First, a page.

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Scientific and academic leader Shirley Ann Jackson warned that science and leadership must mesh in new and innovative ways to ensure investment in innovation and generate sound public policy.
Jackson, president of Rensselaer Polytechnic Institute and former chairman of the U.S. Nuclear Regulatory Commission, spoke at this year’s Gustav Pollak Lecture at the Forum on Thursday.
“Science meets society, sometimes most explosively, where it impacts public policy, because public policy is where we chart our future,” Jackson said. “And this is where…we must find, and insist upon, sound leadership.”
Offering as examples such issues as global climate change, and nuclear energy policy, Jackson described how science competes with many other voices in a very crowded market of ideas and interests. The result is that citizens and policymakers are sometimes unsure who to believe.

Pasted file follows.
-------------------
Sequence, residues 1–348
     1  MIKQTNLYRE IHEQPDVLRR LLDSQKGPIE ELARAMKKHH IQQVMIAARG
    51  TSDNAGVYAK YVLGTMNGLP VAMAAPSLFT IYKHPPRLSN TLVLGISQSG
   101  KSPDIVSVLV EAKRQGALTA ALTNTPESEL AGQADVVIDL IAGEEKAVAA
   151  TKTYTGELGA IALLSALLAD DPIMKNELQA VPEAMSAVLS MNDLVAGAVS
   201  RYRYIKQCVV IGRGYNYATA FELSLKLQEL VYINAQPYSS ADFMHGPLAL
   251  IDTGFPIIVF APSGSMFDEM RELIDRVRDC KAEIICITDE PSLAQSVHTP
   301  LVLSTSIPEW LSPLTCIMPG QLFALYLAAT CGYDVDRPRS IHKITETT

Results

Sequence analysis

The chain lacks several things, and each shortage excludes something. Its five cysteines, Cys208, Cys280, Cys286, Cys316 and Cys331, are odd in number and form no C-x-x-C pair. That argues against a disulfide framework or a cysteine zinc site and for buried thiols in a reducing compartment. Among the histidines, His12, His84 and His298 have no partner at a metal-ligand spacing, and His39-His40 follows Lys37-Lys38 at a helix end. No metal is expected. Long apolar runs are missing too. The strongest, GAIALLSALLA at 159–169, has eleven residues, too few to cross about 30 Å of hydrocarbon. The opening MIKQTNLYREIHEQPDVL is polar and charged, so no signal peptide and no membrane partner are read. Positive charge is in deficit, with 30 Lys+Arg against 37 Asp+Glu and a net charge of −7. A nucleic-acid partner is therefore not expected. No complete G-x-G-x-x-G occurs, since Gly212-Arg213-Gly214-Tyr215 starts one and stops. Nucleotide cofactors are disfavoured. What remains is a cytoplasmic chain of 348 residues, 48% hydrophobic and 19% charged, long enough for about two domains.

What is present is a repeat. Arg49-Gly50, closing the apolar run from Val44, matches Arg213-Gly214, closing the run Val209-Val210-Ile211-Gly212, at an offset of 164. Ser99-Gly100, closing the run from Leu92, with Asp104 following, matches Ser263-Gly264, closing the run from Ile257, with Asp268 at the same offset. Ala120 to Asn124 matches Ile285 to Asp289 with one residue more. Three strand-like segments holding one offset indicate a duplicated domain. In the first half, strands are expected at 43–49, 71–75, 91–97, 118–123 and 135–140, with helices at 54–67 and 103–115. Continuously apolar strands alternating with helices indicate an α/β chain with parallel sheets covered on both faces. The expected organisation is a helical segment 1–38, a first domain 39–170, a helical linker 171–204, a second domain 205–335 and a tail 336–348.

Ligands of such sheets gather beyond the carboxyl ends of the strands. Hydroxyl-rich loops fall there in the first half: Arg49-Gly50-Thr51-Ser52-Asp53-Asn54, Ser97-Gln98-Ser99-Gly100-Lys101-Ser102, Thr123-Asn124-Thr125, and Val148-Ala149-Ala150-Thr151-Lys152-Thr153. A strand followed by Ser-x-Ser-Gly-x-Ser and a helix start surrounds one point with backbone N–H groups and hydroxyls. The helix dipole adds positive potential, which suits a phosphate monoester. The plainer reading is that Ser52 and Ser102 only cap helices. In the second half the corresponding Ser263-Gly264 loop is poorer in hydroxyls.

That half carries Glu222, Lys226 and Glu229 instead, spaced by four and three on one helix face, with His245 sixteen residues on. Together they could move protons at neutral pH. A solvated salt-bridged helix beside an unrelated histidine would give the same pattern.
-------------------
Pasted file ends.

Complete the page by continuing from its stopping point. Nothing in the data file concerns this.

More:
She called for leadership in examining and addressing the “distrust and confusion” which surround issues of science and public policy, a commitment to ensuring future generations of well-educated scientists, and a cultural shift toward valuing science and scientists.
“In the end we must inaugurate a new nexus of science and leadership,” she said. “In the end this is about the kind of human society we want to build and be part of.”
Photos: Martha Stewart
Shirley Ann Jackson, former chair of the U.S. Nuclear Regulatory Commission (1995-99) and president of the Rensselaer Polytechnic Institute, delivered the 2007 Gustav Pollak Lecture “Science and Leadership: The Imperative.”
(L-R) Shirley Jackson talking with Dean David Ellwood and Kennedy School student Matthias Boyer-Chammard.